The government has started discussions for revising the special measures law that includes provisions on the coronavirus, including a possible introduction of penalties for businesses that do not follow requests for temporary closures.
The government will aim to submit a bill to amend the law to the regular session of the Diet next month.
The discussions started at a meeting of a government panel on the coronavirus crisis on Wednesday amid the resurgence of infections around the country. “We gained (panel members’) understanding for the need to revise the law,” economic revitalization minister Yasutoshi Nishimura, who is leading the nation’s coronavirus response, told a news conference after the meeting. “We’ll promote the talks speedily.”
Under Article 24 of the special law, prefectural governors are currently only allowed to make nonbinding requests for eating and drinking establishments to shorten business hours and close temporarily in response to the epidemic.
The revised law would boost governors’ authority so that they can make requests for shorter business hours and temporary closures in limited areas where the virus is spreading rapidly. It would also clearly stipulate that financial aid be given to businesses that follow such requests.
The government will consider penalties, such as fines, for noncompliant facilities.
“It is reasonable to establish the legal basis for penalties,” Hakubun Shimomura, policy chief of the ruling Liberal Democratic Party, said at a separate news conference on Wednesday.
As there are also voices against giving binding power to measures in the law, the government will carefully consider the matter while listening to opinions from experts.
The government revised in March the special measures law on the new-type influenza to cover the novel coronavirus as well. Both the ruling and opposition blocs have been calling for drastic revisions as the coronavirus crisis continues.
Tokyo Gov. Yuriko Koike met with LDP Secretary-General Toshihiro Nikai at the LDP’s headquarters the same day to seek a revision of the special law. Nikai responded that the party will work hard on the issue.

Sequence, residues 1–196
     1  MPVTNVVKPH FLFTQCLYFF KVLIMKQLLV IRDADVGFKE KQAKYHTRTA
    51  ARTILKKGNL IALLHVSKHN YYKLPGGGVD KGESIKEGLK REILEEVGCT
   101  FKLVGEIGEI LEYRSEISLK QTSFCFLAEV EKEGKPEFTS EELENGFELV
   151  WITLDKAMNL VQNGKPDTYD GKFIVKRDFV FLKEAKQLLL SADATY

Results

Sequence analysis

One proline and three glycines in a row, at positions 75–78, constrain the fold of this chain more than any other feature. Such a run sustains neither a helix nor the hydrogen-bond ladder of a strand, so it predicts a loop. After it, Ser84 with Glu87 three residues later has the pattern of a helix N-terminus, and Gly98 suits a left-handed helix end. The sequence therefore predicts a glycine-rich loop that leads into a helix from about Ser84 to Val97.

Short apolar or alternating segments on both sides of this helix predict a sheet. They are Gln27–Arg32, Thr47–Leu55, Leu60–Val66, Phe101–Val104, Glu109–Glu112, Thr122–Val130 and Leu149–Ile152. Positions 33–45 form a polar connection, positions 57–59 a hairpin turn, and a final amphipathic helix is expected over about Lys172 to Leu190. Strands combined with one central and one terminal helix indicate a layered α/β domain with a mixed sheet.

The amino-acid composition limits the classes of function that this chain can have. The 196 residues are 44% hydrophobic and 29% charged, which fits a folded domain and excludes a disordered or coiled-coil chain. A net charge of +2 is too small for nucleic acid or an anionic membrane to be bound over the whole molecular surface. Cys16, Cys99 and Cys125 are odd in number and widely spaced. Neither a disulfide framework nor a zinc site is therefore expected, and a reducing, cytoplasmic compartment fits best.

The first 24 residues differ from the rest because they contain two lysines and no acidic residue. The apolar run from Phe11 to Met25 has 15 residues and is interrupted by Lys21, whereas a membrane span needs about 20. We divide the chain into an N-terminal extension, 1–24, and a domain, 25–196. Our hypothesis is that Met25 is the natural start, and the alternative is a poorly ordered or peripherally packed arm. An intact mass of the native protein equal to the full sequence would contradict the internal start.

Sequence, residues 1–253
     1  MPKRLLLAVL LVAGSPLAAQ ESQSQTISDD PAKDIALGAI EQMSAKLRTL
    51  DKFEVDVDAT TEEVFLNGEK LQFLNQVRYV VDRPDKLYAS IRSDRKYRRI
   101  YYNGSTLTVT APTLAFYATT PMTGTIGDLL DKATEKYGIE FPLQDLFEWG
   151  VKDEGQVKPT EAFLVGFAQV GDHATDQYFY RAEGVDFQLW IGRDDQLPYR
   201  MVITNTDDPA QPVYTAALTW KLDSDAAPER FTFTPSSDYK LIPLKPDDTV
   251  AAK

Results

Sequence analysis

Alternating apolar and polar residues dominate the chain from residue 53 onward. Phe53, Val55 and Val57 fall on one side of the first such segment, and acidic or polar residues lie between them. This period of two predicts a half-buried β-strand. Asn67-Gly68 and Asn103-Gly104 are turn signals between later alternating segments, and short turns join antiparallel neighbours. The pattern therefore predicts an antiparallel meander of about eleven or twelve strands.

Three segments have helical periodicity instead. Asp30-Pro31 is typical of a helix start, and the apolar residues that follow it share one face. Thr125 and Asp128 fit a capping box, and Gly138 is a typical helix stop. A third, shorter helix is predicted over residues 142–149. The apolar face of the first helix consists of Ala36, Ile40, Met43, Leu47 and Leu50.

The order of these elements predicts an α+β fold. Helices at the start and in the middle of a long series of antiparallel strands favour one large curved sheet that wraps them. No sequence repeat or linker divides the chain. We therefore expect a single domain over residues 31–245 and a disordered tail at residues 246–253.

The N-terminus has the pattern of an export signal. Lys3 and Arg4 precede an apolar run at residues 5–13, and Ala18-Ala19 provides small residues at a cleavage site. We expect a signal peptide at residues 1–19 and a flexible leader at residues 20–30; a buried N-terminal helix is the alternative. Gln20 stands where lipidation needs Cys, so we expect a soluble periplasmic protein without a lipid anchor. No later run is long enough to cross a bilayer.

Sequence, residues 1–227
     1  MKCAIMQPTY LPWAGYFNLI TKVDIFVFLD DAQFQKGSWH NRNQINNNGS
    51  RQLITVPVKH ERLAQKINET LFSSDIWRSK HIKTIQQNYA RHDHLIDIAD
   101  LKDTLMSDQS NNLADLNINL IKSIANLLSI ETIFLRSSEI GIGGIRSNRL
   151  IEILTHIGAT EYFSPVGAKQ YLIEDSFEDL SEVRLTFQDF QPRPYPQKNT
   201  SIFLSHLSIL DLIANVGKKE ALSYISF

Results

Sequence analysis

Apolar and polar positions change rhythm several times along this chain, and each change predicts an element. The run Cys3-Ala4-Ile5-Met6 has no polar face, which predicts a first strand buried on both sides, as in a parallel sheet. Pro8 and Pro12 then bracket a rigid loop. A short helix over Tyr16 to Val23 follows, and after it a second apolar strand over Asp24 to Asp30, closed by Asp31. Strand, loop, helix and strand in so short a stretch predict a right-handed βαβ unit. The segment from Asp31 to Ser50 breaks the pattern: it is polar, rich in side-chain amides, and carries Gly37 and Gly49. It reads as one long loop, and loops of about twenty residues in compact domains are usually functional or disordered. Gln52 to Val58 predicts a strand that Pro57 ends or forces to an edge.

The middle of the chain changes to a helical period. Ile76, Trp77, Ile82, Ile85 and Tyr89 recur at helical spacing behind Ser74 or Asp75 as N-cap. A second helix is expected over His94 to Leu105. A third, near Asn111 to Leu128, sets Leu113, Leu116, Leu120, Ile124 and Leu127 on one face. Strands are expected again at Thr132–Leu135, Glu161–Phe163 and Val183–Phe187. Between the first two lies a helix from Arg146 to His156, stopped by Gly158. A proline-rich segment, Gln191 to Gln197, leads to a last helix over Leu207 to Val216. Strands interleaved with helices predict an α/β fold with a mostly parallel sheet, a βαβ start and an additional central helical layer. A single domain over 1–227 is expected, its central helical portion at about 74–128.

At Wednesday’s meeting of the government panel, Nishimura called on people in the Tokyo metropolitan area to refrain from holding year-end and Near Year’s parties and consider carefully whether to make trips to their hometowns during the holiday period.
The request came as infection cases continue to surge in Tokyo and surrounding prefectures.
The minister said that the number of people moving around in the metropolitan area is not going down despite governors’ requests for restaurants and bars to shorten operating hours.
“We would like to ask people, especially younger generations, to spend the year-end and New Year’s holiday quietly,” in order to reduce burdens on the medical system, he said. “We must reduce contact between people.”
On restrictions for large-scale events, the government plans to urge prefectures to reduce the maximum number of participants to 5,000 again in regions that are recognized as being in Stage 3, the second-worst level on the four-tier scale gauging the degree of the spread of the virus.
“The restrictions will be tightened mainly in Tokyo,” Nishimura said.
Meanwhile, the panel members confirmed the “need to request eating and drinking establishments to shorten operating hours further.” In Tokyo, such facilities are being asked to close by 10 p.m.
“Tokyo is the leader of the metropolitan area, so we have high expectations,” said Shigeru Omi, head of the panel and chief of the Japan Community Health Care Organization.
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